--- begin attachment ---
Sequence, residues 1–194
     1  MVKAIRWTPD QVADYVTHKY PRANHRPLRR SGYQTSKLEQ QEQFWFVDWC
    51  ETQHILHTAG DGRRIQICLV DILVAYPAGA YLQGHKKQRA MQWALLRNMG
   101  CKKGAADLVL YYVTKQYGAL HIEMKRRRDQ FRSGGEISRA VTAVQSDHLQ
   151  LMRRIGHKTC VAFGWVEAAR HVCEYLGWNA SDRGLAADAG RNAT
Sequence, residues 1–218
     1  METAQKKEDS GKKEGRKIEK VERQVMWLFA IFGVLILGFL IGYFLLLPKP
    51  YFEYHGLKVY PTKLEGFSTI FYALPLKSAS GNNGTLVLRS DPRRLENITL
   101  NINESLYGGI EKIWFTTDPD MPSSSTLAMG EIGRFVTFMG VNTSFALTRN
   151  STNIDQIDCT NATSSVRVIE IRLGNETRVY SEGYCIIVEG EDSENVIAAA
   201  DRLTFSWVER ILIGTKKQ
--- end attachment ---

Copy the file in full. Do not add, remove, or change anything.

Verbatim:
Sequence, residues 1–194
     1  MVKAIRWTPD QVADYVTHKY PRANHRPLRR SGYQTSKLEQ QEQFWFVDWC
    51  ETQHILHTAG DGRRIQICLV DILVAYPAGA YLQGHKKQRA MQWALLRNMG
   101  CKKGAADLVL YYVTKQYGAL HIEMKRRRDQ FRSGGEISRA VTAVQSDHLQ
   151  LMRRIGHKTC VAFGWVEAAR HVCEYLGWNA SDRGLAADAG RNAT
Sequence, residues 1–218
     1  METAQKKEDS GKKEGRKIEK VERQVMWLFA IFGVLILGFL IGYFLLLPKP
    51  YFEYHGLKVY PTKLEGFSTI FYALPLKSAS GNNGTLVLRS DPRRLENITL
   101  NINESLYGGI EKIWFTTDPD MPSSSTLAMG EIGRFVTFMG VNTSFALTRN
   151  STNIDQIDCT NATSSVRVIE IRLGNETRVY SEGYCIIVEG EDSENVIAAA
   201  DRLTFSWVER ILIGTKKQ